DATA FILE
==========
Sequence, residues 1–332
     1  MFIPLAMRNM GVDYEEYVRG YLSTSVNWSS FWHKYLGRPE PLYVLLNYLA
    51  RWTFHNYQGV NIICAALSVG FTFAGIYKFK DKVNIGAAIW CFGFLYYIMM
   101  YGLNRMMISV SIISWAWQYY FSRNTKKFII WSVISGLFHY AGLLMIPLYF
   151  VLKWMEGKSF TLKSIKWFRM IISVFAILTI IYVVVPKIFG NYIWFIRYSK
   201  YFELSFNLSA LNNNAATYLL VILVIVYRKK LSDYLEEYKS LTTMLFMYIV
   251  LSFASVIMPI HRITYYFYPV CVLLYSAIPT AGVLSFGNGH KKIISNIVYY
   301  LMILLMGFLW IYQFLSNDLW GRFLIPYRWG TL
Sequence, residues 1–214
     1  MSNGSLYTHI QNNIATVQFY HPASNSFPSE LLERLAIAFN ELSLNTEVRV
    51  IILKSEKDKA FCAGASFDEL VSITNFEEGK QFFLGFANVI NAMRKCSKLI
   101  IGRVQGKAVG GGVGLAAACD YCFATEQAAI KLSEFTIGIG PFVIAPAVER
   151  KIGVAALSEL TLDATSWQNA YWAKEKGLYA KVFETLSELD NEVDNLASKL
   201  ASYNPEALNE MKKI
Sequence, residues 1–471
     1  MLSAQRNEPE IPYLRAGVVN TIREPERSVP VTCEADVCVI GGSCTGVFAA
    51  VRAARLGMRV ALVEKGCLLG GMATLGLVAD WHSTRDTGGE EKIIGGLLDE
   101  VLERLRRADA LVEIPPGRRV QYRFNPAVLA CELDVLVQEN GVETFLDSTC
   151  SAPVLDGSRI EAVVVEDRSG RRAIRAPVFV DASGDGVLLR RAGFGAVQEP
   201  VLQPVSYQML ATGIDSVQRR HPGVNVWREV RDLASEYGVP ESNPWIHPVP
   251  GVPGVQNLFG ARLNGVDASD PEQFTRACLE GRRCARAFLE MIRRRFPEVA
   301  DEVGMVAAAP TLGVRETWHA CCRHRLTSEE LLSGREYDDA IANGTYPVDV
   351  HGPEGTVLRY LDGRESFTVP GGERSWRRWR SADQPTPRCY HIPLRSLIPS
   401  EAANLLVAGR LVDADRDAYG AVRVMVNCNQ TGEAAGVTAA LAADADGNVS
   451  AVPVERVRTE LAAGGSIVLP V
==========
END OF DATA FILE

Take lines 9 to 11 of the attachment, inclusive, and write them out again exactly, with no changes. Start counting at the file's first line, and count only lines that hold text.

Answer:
Sequence, residues 1–214
     1  MSNGSLYTHI QNNIATVQFY HPASNSFPSE LLERLAIAFN ELSLNTEVRV
    51  IILKSEKDKA FCAGASFDEL VSITNFEEGK QFFLGFANVI NAMRKCSKLI